Academic journal article Demokratizatsiya

The Double Monopoly and Its Technologists: The Russian Preemptive Counterrevolution

Academic journal article Demokratizatsiya

The Double Monopoly and Its Technologists: The Russian Preemptive Counterrevolution

Article excerpt

(ProQuest: ... denotes non-USASCII text omitted.)

Ukraine's Orange Revolution captivated Russian political elites' attention like few other events in recent decades. A small segment of these elites welcomed the Oranges's victory, but a far larger portion cursed it. Neither side would deny, however, that these events have built a new frame of reference for Russian politics. Subsequent events, such as the 2006 "gas war," which the Russian government unsuccessfully launched against Ukraine, added to ambivalent sentiments of hostility and dependency. Frightened by a pro-European revolution in a country that Russian elites historically called "Little Russia" and perceived as a backward, though culturally similar, colony since the eighteenth century, the Russian leadership revised and radicalized its policies. The Kremlin's speeches and actions revealed that it desired two monopolies: control over energy and control over the application of violence.

The rhetorical shift from liberalism and modernization to the self-conscious reliance on this double monopoly became prominent only during Russian President Vladimir Putin's second term. In his first term, Putin and his administration maintained a general interest in such issues as democracy, social capital, the knowledge economy, support of small businesses, competitiveness, and so on.1 With energy revenue steadily rising, however, the Kremlin lost interest. The actual solidification of this new political stance emerged because of the Ukrainian Orange Revolution. Russian leaders found themselves presiding over political processes determined by events beyond their control. In central and eastern European countries, peaceful revolutions in the late 1980s and the early 1990s were not entirely autonomous. The political crises' domestic origins interacted with external models and pressures, which restricted national governments' ability to use force. When one country's revolution causes a chain reaction in other states with similar political regimes, scholars typically talk about "contagion," "the domino effect," or "the export of democracy."2 Evidently, exporting and importing political regimes is easier when partners are geographically and culturally close. In eastern Europe, Nikita Khrushchev's 1956 secret speech caused the Hungarian Revolution. In 1989, Soviet perestroika led to the eastern European velvet revolutions. Communism's collapse in eastern Europe consequently influenced political struggles in the Soviet Union.3 Later, the Soviet Union's disintegration served as the template used in the Balkans. The Serbian electoral revolution influenced similar processes in Georgia and Ukraine. The Georgian Rose Revolution's success was especially important for Ukraine. Currently, Russian political debate rarely goes without a reference-hostile, envious, or ambivalent-to the Orange Revolution.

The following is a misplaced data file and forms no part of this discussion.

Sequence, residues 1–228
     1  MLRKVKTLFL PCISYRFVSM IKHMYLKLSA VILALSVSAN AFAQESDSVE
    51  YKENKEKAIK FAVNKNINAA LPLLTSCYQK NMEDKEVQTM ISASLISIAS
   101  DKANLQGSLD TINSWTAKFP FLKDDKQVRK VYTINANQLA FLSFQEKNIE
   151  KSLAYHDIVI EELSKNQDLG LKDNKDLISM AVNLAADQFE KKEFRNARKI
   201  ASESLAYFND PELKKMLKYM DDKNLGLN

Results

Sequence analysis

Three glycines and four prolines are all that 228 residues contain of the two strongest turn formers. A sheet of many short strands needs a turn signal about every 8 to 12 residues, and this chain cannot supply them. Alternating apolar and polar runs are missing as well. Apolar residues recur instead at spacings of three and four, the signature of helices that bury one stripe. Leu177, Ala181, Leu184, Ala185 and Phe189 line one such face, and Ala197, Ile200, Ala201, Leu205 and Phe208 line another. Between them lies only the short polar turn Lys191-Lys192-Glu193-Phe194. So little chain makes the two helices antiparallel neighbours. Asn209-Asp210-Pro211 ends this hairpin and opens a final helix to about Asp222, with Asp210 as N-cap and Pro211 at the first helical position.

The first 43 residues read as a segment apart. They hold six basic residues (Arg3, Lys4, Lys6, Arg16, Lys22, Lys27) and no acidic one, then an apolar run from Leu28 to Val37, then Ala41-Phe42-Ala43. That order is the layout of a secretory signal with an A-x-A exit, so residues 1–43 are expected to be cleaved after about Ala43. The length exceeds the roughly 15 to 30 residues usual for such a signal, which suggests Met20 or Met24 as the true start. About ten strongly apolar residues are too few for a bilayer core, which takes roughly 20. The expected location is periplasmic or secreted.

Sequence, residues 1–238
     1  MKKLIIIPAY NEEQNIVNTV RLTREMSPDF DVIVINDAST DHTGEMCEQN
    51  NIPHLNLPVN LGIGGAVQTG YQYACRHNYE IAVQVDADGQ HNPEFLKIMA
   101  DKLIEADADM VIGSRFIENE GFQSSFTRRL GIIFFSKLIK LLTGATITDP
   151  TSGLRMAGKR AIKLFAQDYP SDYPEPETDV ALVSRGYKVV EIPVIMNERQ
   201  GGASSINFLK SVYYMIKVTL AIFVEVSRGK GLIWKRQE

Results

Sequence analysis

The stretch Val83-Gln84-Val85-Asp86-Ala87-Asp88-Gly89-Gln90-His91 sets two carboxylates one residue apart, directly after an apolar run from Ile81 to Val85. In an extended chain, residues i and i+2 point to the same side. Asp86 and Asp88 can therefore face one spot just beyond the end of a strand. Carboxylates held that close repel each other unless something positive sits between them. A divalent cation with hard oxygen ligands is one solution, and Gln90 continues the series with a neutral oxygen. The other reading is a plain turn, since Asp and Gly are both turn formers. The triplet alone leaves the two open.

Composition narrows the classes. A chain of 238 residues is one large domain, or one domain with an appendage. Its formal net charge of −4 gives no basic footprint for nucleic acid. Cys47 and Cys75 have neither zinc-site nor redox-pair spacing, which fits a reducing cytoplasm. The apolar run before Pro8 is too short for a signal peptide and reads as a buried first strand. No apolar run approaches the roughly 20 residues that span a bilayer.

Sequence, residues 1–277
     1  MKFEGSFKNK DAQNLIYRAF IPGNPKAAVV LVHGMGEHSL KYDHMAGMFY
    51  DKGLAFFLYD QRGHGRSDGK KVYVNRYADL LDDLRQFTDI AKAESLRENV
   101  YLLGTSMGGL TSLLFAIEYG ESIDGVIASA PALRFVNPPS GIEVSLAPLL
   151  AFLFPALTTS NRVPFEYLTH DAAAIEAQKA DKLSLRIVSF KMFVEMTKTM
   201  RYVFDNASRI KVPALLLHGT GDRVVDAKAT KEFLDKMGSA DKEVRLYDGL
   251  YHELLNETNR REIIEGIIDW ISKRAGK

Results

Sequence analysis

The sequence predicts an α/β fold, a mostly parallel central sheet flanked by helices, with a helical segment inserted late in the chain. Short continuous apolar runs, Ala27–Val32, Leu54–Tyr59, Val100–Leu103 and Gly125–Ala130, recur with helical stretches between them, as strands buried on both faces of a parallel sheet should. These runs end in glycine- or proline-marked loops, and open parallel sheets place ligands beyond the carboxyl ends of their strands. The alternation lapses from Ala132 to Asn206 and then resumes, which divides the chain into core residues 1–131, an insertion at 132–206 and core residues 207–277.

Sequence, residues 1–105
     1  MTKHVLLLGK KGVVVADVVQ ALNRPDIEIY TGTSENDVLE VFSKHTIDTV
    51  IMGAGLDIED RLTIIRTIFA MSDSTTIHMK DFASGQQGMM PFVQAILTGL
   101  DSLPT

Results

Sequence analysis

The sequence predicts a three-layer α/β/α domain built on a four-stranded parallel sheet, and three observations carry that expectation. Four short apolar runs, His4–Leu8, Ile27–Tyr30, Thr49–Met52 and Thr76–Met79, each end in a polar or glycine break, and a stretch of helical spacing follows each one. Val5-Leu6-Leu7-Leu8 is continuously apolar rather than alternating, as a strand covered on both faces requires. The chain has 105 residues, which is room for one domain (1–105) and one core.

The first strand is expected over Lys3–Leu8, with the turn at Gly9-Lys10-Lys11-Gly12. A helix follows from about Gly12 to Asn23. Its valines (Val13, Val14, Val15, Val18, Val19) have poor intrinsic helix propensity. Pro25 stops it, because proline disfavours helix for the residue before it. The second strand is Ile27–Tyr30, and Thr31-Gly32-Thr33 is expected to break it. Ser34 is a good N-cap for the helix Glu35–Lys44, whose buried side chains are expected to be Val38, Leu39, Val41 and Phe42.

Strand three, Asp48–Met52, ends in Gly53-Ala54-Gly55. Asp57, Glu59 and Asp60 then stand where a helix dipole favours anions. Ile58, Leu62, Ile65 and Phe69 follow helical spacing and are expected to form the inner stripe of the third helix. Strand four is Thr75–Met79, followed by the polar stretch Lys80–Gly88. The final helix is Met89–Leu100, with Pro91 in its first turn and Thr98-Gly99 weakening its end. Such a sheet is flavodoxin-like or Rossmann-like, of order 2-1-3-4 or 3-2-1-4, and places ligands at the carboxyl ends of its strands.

The Technologists' Democratic Decorations

In Russia and Ukraine, the ruling regimes consolidated their power while holding onto the functioning decorations of a democratic order. In Belarus and the Central Asian states, these decorations were considered irrelevant, allowing autocrats to gain a stronger grasp on power. As Scott Gates and his coauthors prove, institutionally inconsistent regimes (those exhibiting both democratic and autocratic institutional characteristics) have shorter life spans than democracies and autocracies.4 Putin's uneasy compromise with democracy, which helped Russia establish its position as an international partner, demanded the state make serious but dramatically inconsistent investments. It produced a peculiar group of specialists from various backgrounds, which, in the absence of special training, evolved into a band of self-selected, autodidactic mercenaries. In Russian, these specialists are called "political technologists."5 Another name for them would be "political designers" or, rather, "political decorators."6

Democratic decoration is a difficult and risky art. …

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